Unholy Wisdom
On the natural selection of belief.

Outgrew from our compassion sprouted an ignorance that only a mother could raise. And born from that ignorance rose the virtue to end all virtues: "it's only natural" — the great equalizer. The only dicta so dangerous it could reappropriate "danger" itself! Truly, the pinnacle of philosophy — an ethic so fair it could be privy only to the righteous but right indifferent. Justice, just as we intended, will be redistributed to all those who do not attend the resurrection — the rebirth, the return of power to those who could do no wrong, for they were powerless, and only infantile in their development. And in out these actions will emerge the spirit that inverts the trinity — the feminine axis: the mother, the child, and the maternal extinct.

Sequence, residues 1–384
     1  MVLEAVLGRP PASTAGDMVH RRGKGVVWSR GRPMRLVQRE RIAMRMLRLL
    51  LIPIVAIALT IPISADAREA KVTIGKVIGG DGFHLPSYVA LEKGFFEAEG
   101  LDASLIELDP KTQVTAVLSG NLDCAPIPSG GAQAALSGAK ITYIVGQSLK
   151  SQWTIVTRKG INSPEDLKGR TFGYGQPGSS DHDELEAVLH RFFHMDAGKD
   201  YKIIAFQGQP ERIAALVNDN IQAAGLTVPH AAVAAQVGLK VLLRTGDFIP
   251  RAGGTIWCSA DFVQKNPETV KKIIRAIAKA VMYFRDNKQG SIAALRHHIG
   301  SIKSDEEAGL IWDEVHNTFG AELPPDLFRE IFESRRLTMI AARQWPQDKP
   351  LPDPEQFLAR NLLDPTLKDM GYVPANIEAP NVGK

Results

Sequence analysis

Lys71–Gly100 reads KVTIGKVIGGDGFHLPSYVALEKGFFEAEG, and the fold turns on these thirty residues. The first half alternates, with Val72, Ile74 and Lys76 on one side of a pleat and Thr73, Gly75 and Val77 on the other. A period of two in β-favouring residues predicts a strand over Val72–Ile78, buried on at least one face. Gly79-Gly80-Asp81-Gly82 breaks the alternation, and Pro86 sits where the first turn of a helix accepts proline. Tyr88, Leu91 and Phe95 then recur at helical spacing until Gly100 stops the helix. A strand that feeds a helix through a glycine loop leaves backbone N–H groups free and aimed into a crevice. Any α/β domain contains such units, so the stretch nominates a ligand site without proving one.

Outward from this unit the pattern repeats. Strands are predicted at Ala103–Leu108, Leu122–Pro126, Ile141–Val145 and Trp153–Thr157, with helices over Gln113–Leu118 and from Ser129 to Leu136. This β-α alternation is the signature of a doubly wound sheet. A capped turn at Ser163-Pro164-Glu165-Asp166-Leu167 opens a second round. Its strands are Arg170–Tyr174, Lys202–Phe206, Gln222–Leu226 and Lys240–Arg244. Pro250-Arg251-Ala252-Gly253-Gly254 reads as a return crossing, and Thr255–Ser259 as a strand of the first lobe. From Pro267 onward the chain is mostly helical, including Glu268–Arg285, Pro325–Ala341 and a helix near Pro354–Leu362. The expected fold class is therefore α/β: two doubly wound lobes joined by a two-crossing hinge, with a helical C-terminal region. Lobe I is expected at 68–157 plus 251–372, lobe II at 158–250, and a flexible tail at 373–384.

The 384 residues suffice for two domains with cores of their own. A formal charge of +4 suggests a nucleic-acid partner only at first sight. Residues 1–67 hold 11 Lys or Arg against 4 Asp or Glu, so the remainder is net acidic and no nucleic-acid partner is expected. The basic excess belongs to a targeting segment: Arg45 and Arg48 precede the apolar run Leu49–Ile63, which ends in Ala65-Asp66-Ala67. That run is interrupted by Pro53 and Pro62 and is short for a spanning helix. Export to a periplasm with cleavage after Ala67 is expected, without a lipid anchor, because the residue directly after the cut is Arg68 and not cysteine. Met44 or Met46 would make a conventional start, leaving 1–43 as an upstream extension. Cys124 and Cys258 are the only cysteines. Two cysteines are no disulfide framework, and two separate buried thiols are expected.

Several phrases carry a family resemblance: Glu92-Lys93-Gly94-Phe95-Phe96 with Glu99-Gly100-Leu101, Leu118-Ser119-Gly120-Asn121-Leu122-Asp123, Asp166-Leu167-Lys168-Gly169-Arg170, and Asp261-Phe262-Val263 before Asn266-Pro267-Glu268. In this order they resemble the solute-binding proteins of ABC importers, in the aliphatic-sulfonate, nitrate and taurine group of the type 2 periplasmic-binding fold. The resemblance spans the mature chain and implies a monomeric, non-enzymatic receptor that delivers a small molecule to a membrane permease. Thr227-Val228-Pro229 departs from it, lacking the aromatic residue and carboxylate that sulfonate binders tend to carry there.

I've begun to question my faith, but not in God, but in our ability to deny the existence of one. See, man spent millenniums living under the tyrannical oppression of nature, adhering to its whims, and forming the beliefs needed to guarantee his survival. So it's only fitting that where men have had the most influence, that the beliefs held in these areas hold similar patterns. Take for example, how in predominantly Islamic countries, where women have been systematically and barbarically mistreated and undervalued, there tends to be a widespread belief in martyrdom, particularly that for their sacrifices, martyrs are to be rewarded by being forgiven of their sins, and guaranteed a placement for their lineages in paradise. And of course, this belief mirrors one held by Christians: that Jesus died for our sins so that we may be allowed to someday join in him in heaven. In fact, wherever and whenever male influence has dominated culturally, the belief in sacrifice persists in that culture's religion. The reason being is that our ideologies are the ideas of our ancestors: they are the beliefs that we inherited from our forefathers — whether it be the ideas they passed on, or from the genes given to us that gives rise to those ideas — they are the byproducts of dead knowledge. With the primary testimony to this observation being man's predisposition to believe in sacrifice, which likely originated from the behavioral patterns of our hunter-gatherer ancestors. Primitive as they were, they lacked the technology to allow those who were unfit to survive in harsh conditions to live on, which meant that nature was allowed to select for only those with the ability to persevere through its pressures to pass on their genes, which also means that those with a predisposition to want to overcome adversities inevitably had longer living lineages than those who didn't. And given that historically, men have been without the capacity to bear children, they've been free to be subjected to the whims of nature more so than women. And thus, because the will, and want to overcome adversity was more so selected for in men, the beliefs that men are predisposed to select and worship inevitably follows a similar pattern: 'sacrifice everything now to reap the unimaginable in the future' — the epitome of a high-risk high-reward philosophy.